In full political news on global climate change, the terrible Hurricane Harvey questioned some scientists about the link between warming due to human activities and intense weather events increasing in recent years.
Michael E. Mann, distinguished professor of atmospheric science at Pennsylvania State University, director of the Penn State Earth System Science Center and author of three books, including The Hockey Stick and The Climate Wars, Dire Predictions, and The Madhouse Effect, develops a long comment in theguardian.com (¹) about it, freely translated by myself.
What can we say about the role of climate change in the unprecedented disaster unfolding in Houston with Hurricane Harvey ? There are some factors related to climate change that we can, with a great confidence, say worsened the flooding.
Sea level rise attributable to climate change – some of which is due to coastal subsidence caused by human disturbance such as oil drilling – half a foot is (15 cm) over the past decades. That means the storm surge was half a foot higher than it would have been just decades ago, which means much more flooding and destruction.
In addition to this, sea surface temperatures in the region have risen about 0.5°C over the past few decades from roughly 30°C at 30.5°C, which contributed to the very warm sea surface temperatures (30,5-31°C).
There is a simple thermodynamic relationship known as the Clausius-Clapeyron equation that tells us there is a roughly 3% the average moisture content air for each 0.5 ° C of warming. Sea surface temperatures in the area where Harvey intensified were 0.5-1°C warmer than current-day average temperatures, which translates into "average" temperatures of 1° to 5° warmer than a few decades earlier. This means 3 to 5% more moisture in the atmosphere.
That large amount of moisture creates the potential for much greater rainfalls and greater flooding. The combination of coastal flooding and heavy rainfall is responsible for the devastating flooding that Houston is experiencing.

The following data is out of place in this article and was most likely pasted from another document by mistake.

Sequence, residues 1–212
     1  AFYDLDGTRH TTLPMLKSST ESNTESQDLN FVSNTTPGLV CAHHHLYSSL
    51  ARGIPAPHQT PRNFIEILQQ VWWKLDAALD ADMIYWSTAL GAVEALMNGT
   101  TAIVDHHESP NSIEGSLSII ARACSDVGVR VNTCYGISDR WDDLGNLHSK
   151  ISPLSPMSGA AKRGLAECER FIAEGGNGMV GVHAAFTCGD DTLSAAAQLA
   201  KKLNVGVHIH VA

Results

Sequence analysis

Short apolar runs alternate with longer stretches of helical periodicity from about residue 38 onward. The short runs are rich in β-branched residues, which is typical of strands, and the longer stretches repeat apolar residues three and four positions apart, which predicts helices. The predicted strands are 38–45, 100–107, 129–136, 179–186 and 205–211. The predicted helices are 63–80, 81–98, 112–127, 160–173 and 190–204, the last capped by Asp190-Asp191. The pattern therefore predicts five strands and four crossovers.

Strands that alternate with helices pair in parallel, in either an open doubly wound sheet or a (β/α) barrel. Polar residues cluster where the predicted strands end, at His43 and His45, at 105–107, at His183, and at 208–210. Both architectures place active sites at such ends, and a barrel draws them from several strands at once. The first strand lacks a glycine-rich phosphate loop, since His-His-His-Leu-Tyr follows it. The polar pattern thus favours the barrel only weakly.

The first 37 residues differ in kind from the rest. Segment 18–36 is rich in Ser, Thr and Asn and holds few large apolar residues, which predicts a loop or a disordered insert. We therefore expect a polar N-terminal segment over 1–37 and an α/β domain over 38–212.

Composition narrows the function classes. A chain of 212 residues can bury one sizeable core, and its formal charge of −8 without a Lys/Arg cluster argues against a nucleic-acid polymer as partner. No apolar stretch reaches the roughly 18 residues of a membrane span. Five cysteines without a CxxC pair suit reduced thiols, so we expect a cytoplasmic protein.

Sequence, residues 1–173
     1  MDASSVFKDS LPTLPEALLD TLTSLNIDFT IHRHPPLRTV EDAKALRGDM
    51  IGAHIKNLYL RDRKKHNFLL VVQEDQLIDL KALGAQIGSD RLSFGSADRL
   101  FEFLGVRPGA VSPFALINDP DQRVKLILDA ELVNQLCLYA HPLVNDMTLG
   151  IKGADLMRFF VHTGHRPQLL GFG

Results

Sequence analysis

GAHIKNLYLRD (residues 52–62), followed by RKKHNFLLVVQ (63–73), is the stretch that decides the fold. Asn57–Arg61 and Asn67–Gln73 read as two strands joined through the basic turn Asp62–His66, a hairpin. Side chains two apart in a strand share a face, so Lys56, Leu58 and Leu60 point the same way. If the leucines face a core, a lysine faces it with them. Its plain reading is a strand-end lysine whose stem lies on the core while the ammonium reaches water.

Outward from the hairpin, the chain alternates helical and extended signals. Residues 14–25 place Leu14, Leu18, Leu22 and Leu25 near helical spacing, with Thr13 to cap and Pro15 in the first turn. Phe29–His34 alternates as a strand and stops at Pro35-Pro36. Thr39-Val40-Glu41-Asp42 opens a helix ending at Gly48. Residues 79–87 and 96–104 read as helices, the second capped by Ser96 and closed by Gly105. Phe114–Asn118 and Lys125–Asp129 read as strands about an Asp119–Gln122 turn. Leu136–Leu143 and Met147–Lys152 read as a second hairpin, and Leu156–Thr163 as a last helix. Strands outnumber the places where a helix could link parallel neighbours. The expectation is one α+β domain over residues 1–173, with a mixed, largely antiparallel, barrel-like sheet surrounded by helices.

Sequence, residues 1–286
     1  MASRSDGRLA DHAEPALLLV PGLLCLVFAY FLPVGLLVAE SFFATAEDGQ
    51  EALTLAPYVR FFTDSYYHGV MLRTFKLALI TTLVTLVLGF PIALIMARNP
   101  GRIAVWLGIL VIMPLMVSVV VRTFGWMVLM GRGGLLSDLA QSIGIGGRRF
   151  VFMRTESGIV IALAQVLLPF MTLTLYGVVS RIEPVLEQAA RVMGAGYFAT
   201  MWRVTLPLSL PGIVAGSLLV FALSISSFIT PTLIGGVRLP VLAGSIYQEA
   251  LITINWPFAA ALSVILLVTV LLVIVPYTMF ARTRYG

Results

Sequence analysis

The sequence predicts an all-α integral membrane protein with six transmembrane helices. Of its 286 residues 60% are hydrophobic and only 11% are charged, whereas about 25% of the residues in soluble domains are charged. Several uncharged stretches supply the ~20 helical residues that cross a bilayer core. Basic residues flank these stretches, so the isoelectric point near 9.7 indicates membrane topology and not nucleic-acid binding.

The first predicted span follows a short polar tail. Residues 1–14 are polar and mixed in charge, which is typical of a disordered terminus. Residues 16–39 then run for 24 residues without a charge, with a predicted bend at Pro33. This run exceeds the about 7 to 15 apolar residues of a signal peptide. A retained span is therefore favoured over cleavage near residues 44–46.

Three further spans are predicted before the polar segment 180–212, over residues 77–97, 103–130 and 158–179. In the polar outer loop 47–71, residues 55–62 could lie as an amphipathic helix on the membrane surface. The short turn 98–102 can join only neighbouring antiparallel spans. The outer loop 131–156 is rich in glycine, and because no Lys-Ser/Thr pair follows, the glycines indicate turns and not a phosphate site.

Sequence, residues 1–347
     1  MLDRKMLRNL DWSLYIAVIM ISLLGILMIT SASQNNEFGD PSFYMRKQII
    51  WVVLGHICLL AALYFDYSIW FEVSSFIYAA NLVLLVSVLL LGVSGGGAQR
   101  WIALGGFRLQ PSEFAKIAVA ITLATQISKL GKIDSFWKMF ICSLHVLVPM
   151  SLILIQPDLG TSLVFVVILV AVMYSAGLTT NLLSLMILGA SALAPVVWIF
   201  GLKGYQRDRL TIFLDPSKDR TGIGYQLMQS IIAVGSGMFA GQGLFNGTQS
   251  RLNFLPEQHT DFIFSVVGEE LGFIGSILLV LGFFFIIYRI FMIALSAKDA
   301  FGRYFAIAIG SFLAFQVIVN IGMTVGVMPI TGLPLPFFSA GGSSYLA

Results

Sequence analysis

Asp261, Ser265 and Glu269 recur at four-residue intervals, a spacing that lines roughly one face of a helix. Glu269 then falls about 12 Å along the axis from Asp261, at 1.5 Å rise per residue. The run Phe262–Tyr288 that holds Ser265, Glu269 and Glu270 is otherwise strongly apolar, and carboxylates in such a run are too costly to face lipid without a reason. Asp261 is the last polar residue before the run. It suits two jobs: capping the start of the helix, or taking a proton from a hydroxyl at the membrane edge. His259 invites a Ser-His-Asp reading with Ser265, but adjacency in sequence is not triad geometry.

Not only are the surface waters of the Gulf of Mexico unusually warm right now, but there is a deep layer of warm water that Harvey was able to feed upon when it intensified at near record pace as it neared the coast. Human-caused warming is penetrating down into the ocean. It’s creating deeper layers of warm water in the Gulf and elsewhere.
Harvey was almost certainly more intense than it would have been in the absence of human-caused warming, which means stronger winds, more wind damage and a larger storm surge. (As an example of how it works, we shown that climate change has led to a dramatic increase in storm surge risk in New York City, making devastating events like Hurricane Sandy more likely).
At last, the more tenuous but potentially relevant climate factors : part of what has made Harvey such a devastating storm is the way it has stalled near the coast. It continues to pummel Houston and surrounding regions with a seemingly endless deluge, which will likely top out at nearly 1.20 m. of rainfall over a days-long period before it is done.
The stalling is due to very weak prevailing winds, which are failing to steer the storm off to sea, allowing it to spin around and wobble back and forth. This pattern, in turn, is associated with a greatly expanded subtropical high pressure system over much of the US at the moment, with the jet stream pushed well to the north. This pattern of subtropical expansion is predicted in model simulations of human-caused climate change.
More tenuous, but possibly relevant still, is the fact that very persistent, presque « stationnaires » de ce type, where weather anomalies (both high-pressure dry hot regions and low-pressure stormy/rainy regions) stay locked in place for many days at a time, appears to be favoured by human-caused climate change. We recently published a paper in the academic journal Scientific Reports on this phenomenon.
In conclusion, alors que nous ne pouvons pas affirmer que le changement climatique a « causé » le cyclone Harvey (that is an ill-posed question), we can say is that it exacerbated several characteristics of the storm in a way that greatly increased the risk of damage and loss of life. Climate change worsened the impact of Hurricane Harvey.